I studied food science. No, that’s not nutrition. Food science, as in the chemistry, physics and microbiology behind making the food that you and I buy from the supermarket.
People forget that the majority of the food on our shelves including the fruit and vege is all one big science experiment. I am not meaning genetically modified; I mean how it gets to you in the condition that is does. Don’t believe me? How on earth do bananas travel all the way from the Philippines still green yet as soon as you take them home they turn black within the week? I could tell you that. Why do we need light proof bottles for our milk? I can answer that one too.
Behind the façade of pretty packaging (that’s food science in itself too) there are teams and teams of brilliant minds making breakthrough discoveries and developments that get food to you that’s fresher, faster, tastier, cheaper and better for you (ok, sometimes not). There is a lot more to food than what meets the eye. Let me demonstrate to you using some simple (kitchen) bench chemistry.
Take the beloved cookie. How do you like yours? Soft? Chewy? Crisp? Thick? Thin? The final sensory characteristics of your cookie depend on a multitude of factors. These include emulsifiers, egg proteins, raising agents, water content of the sugar used, amount of flour used, fat type and the state of the fat when incorporated.
Let me explain how to make the perfect cookie. Of course there is no perfect cookie, that is totally subjective, but here are some things to keep in mind when next making your ideal cookie creation.
You will find butter in almost every cookie recipe. Butter has a reasonably sharp melting point as it consists mainly pure saturated dairy fats so the range is narrow. If you use melted butter you release the water from the matrix which is then absorbed by the gluten in the flour. The moisture is locked in and so makes a moist and chewy cookie. As the butter has also already been melted the batter will spread thinly before the batter sets creating a thin and chewy cookie. If you start off with chilled or room temperature butter it will melt less therefore making a taller, thicker cookie. If you use more butter the batter will be runnier once warmed in the oven also spreading the cookie thinner. By creaming the butter with the sugar it helps to not only dissolve the sugar but the sharp edges of the sugar crystals cut into the fat matrix which creates air bubbles. The more air bubbles the more easily other ingredients can be blended in, making a lighter, fluffier cookie.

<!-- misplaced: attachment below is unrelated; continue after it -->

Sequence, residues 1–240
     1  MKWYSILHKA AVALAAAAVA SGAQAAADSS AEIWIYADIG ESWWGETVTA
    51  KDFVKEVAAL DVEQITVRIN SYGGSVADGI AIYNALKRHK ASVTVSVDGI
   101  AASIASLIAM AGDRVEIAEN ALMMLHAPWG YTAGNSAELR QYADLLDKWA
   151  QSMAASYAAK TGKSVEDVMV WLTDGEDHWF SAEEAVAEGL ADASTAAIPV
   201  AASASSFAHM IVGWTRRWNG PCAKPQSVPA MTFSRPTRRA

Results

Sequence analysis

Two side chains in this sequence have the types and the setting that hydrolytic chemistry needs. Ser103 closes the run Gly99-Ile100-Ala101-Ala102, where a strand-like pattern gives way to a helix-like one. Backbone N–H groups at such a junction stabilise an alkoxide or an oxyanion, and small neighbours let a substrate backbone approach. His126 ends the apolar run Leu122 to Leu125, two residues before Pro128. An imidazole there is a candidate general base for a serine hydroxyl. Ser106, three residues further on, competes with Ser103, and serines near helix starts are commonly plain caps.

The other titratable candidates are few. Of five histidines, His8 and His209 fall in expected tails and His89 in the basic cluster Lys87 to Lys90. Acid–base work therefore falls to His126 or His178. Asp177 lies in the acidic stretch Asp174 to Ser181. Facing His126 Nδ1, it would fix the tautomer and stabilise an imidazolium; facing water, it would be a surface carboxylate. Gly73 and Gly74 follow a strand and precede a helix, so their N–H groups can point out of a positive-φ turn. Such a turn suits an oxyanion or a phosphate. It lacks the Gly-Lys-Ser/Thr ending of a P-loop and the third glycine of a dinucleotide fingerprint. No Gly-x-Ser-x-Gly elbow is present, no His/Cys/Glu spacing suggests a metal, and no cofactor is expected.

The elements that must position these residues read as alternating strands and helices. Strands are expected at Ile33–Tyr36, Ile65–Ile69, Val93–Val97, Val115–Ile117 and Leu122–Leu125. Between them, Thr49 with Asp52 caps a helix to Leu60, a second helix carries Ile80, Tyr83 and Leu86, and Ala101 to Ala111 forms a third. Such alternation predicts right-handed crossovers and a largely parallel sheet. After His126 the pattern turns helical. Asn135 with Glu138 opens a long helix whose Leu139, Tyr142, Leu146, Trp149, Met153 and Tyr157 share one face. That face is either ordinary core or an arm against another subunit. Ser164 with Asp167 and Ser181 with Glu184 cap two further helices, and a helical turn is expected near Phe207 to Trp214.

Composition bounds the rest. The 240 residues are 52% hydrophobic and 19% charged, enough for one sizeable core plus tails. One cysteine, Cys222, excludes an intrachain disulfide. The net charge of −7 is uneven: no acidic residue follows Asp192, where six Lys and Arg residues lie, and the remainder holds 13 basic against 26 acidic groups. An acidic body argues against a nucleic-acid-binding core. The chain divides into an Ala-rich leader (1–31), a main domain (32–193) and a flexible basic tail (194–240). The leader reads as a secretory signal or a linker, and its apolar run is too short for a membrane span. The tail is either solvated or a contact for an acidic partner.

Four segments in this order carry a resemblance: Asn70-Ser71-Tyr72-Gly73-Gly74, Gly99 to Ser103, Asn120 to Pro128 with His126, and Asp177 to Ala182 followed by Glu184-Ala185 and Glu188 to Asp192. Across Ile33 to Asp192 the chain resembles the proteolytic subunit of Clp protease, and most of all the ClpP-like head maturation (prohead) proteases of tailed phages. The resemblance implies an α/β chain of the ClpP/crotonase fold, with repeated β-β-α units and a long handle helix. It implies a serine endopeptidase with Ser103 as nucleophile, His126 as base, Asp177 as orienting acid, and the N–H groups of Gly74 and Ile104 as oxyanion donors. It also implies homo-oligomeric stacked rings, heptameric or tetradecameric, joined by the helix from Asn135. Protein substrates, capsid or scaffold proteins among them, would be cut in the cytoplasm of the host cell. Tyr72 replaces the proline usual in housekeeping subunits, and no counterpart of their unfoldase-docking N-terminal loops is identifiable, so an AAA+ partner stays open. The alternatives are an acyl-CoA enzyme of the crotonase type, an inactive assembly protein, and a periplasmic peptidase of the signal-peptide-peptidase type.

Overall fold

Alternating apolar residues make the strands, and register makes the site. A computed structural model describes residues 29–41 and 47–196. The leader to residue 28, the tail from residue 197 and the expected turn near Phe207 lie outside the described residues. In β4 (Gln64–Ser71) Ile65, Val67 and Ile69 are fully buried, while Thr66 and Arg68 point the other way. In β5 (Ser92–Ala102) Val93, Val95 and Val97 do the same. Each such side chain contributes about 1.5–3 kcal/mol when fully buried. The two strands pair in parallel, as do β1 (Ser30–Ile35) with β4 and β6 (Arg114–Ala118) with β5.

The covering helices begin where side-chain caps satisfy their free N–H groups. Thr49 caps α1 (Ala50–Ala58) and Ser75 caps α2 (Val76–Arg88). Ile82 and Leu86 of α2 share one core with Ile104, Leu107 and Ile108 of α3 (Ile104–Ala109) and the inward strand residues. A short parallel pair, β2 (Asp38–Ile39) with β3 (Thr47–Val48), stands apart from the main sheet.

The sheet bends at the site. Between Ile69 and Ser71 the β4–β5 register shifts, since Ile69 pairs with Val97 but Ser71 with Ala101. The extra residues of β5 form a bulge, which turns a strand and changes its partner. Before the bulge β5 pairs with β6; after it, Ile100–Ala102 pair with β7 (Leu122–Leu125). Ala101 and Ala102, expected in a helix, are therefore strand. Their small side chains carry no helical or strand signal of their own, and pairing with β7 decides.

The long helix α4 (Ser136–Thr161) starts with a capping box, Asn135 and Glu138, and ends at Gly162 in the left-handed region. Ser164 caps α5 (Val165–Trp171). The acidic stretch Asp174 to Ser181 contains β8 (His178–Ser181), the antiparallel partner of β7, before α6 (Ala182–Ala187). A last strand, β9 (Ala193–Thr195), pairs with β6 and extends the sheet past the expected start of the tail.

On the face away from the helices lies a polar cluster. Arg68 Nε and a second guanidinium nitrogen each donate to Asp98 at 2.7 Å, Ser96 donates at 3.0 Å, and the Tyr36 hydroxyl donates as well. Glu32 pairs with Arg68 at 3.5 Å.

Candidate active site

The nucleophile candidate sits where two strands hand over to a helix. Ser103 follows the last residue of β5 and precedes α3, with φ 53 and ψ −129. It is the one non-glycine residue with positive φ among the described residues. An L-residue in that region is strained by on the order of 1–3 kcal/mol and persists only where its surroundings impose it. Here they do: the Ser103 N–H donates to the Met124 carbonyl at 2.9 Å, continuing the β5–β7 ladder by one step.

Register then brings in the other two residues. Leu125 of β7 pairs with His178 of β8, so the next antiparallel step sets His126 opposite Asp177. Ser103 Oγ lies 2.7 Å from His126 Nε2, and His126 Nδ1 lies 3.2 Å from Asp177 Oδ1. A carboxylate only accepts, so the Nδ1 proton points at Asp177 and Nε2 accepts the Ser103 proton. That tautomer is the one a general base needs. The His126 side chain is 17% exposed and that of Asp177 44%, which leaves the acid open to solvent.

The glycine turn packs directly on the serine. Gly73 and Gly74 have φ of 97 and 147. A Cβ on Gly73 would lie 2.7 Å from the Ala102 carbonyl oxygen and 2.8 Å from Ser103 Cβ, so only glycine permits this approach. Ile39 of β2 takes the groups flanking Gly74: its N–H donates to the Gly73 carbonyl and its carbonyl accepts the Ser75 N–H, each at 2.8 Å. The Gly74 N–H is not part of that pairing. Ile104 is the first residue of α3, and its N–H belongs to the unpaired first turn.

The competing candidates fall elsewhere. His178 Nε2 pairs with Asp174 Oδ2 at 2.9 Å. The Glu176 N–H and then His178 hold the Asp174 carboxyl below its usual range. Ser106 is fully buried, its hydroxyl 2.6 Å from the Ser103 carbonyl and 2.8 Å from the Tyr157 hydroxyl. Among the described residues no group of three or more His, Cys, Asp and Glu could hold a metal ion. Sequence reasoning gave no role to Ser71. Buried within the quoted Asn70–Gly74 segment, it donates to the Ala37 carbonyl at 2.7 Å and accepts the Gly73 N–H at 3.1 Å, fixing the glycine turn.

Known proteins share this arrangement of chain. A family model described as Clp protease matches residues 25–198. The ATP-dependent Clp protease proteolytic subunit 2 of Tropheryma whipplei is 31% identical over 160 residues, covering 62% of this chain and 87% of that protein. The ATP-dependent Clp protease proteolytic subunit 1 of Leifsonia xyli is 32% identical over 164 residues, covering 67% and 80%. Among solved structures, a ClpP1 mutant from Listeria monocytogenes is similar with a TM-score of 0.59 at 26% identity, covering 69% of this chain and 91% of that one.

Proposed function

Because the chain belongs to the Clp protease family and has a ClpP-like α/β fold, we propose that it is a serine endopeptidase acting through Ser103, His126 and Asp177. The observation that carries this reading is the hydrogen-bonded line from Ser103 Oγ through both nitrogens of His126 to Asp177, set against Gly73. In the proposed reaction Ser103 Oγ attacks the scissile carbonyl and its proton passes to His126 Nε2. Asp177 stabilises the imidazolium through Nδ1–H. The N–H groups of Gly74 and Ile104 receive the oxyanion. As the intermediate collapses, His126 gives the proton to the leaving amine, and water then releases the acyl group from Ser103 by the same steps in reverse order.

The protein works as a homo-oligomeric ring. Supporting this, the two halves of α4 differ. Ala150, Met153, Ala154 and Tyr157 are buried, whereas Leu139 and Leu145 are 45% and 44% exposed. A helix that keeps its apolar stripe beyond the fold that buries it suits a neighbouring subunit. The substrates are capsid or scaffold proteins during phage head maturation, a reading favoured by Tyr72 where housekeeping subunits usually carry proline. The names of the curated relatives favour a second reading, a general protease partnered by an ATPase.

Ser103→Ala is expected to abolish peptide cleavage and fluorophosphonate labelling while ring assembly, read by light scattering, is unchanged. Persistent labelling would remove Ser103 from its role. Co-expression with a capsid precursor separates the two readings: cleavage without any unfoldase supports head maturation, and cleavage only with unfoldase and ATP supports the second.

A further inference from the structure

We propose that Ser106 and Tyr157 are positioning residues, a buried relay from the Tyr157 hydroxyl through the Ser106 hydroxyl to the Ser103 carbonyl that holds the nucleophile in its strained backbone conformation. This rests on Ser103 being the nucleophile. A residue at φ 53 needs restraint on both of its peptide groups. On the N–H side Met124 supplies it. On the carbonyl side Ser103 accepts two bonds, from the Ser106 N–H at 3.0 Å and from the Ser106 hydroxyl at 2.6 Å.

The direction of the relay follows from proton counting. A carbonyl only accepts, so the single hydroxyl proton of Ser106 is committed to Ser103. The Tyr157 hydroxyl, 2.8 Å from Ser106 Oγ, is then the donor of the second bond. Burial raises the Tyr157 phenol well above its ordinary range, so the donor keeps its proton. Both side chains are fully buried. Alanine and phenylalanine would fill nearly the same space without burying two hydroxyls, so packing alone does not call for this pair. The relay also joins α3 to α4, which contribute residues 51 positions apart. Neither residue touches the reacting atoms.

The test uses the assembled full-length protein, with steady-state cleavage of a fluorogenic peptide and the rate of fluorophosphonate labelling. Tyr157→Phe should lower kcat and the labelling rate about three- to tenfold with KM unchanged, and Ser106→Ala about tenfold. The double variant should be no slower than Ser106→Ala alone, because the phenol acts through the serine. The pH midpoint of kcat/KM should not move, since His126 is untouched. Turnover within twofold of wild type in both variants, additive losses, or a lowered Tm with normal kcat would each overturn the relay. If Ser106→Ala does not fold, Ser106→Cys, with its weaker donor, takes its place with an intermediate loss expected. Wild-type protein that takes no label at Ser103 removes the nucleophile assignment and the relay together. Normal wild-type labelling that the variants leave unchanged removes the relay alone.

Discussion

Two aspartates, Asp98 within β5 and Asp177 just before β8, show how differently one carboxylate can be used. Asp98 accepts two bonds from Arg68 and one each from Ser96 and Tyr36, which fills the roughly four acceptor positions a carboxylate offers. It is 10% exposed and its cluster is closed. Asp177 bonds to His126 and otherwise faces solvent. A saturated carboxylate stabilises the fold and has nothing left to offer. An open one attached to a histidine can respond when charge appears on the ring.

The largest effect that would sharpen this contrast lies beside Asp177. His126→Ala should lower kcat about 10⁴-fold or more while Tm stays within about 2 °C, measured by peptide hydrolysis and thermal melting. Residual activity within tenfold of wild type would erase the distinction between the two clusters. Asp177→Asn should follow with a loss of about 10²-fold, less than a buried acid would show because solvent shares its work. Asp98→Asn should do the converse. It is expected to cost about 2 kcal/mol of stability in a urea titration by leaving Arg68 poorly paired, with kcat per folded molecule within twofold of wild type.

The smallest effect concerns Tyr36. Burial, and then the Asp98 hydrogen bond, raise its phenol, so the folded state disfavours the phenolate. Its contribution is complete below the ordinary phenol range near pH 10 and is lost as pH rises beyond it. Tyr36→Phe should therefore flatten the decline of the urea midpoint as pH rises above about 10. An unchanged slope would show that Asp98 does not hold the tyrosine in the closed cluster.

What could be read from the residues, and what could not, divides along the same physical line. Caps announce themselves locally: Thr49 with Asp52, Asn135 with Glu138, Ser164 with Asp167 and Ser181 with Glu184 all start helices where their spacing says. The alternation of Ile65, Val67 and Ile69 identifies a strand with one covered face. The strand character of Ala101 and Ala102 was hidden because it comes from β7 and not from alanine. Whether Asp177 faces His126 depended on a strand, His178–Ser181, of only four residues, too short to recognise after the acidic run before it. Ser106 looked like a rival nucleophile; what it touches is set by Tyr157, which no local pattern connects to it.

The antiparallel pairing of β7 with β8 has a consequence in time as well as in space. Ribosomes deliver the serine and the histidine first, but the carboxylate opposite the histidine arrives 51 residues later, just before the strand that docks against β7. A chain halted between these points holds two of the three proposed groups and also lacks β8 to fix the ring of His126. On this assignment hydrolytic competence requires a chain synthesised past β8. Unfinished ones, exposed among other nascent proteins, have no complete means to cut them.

You can choose to chill your cookie dough before spooning out and baking it. By cooling the fat you give your dough a head start in the rising and setting process. By the time the butter melts the set temperature will almost have been reached, also producing a thicker cookie.
Sugar choice also makes a significant impact. Brown sugar gets its colour from residual molasses remaining on the crystals. The molasses is what is responsible for the deeper and richer colour as well. Molasses is highly hydroscopic, which means it attracts water. By increasing the brown sugar to white sugar ratio in your cookie you will get a more moist and chewy result. The more white sugar you use, the crisper the final product will be. Why do cookies firm up once they are removed from the oven? Well, the sugar crystals melt in the hot oven to form a liquid. This makes the cookies very fragile and fluid whilst still hot. As they cool the sugars regain their rigid crystalline structure giving back the cookies a little more of their familiar firmness.
Some cookie recipes call for a raising agent. There are two types: baking soda and baking powder. Baking soda is a base and will reduce the overall acidity of the batter. Less acid in the mix means that the setting temperature will be higher, this gives the cookie more time to spread out and therefore a thinner cookie is produced.
Baking powder consists of both a base (in the form of a carbonate) and two acids usually. When baking powder comes into water an acid base reaction occurs and carbon dioxide is released. The gas production forces the batter upwards making it rise. As the batter will have a greater acidity than when baking soda is used, the setting temperature will be lower giving the cookies less time to spread.
The type of flour you use will also have an impact. Strong flours, or bread flours that are high in gluten will give you a more moist and chewy result in comparison with using cake or plain flour. Gluten, the main protein found in flour, loves to absorb water. The more gluten in your cookie the more water that will be bound inside, making it moist. Since gluten is a stretchy protein when hydrated, cookies with more gluten will also be chewier than their less glutinous counterparts. Cookies made with cake flour will be slightly crispier.
Eggs play a number of roles in the cookie making process. Firstly, the yolk contains lecithin, a natural emulsifier. An emulsifier is something that helps to stabilise two phases that would otherwise repel each other, like fats in a watery environment. The egg yolk helps to combine the fats, sugars, proteins and water and keep them stabilised. Eggs also expand when cooked (remember those scrambled eggs you last made) so a cookie that has more egg in it will be more likely to be fluffier. If you want a thinner cookie, substitute a proportion of the egg with milk and less expansion will occur. The protein in an egg also offers structural integrity when it denatures. Denaturation occurs at a defined temperature, at this point the protein become irreversibly deformed and rigid. This denaturation will add to the rigid matrix so that your cookie doesn’t turn out to be a sloppy mess.
If you have any questions whether it be food science, baking, cooking or even simply food related just give me a yell! I love answering your questions!▼
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